By Justin Lorentz
“Most unofficial rules are just common sense rebranded”
It’s an unofficial rule that when someone brings a toy to a park, their dog can’t be the only one allowed to play with it. I am fascinated by dogs that love to fetch, but it’s a double-edged sword. The dog can have an amazing time every time it’s out because its joy is in finding, retrieving and bringing back a ball. On the other side, that joy depends on the owner’s willingness to toss that ball over and over.
Bring that dog to an off-leash park and an interesting dynamic develops: the other dog(s) will eventually nab the ball. For my dog, ball theft is only meant to illicit a chase. If that’s ineffective they’ll get bored and release the ball. For other dogs it may just mean they bring it to their owner in hopes of a throw.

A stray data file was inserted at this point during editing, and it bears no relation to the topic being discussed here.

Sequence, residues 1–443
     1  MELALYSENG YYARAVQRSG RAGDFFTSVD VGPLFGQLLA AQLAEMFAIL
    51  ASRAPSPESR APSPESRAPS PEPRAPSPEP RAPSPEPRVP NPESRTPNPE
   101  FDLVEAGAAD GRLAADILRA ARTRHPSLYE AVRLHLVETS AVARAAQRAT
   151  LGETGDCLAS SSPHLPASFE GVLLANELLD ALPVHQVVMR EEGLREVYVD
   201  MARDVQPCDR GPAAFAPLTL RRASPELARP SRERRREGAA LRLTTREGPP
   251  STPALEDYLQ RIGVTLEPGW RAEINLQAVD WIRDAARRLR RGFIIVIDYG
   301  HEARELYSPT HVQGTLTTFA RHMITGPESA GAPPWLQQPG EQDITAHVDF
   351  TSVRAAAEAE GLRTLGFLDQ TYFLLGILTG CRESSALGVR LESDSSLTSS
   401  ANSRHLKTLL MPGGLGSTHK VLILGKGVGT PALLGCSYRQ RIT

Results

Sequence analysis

It’s an unofficial off-leash park rule that the toy you bring temporarily becomes the park’s toy until you leave. It’s a tough rule and I (like many dog owners I know) found it annoying to follow, so I stopped bringing toys to the off-leash park.
Dogs don’t need to have good recall or need to know how to drop a toy to join the off-leash park party. As a result, assume it may be tough to retrieve any toy you release into the park back from another dog. You can hunt for the toy on your own at the park, but the only time it’s OK to ask someone to get their dog to return the toy is when you either don’t intend to use it any more or you’re ready to leave.
It’s challenging when someone asks for their dog’s toy ball that is in your dog’s mouth, only to throw it again in the park and for your dog to grab it again. As Albert Einstein once said, the definition of insanity is doing the same thing over and over and expecting a different outcome. If your dog can’t have a good time without chasing its ball, consider using the ball in a less populated setting, or consider bringing multiple balls with the expectation that other dogs may temporarily nab one.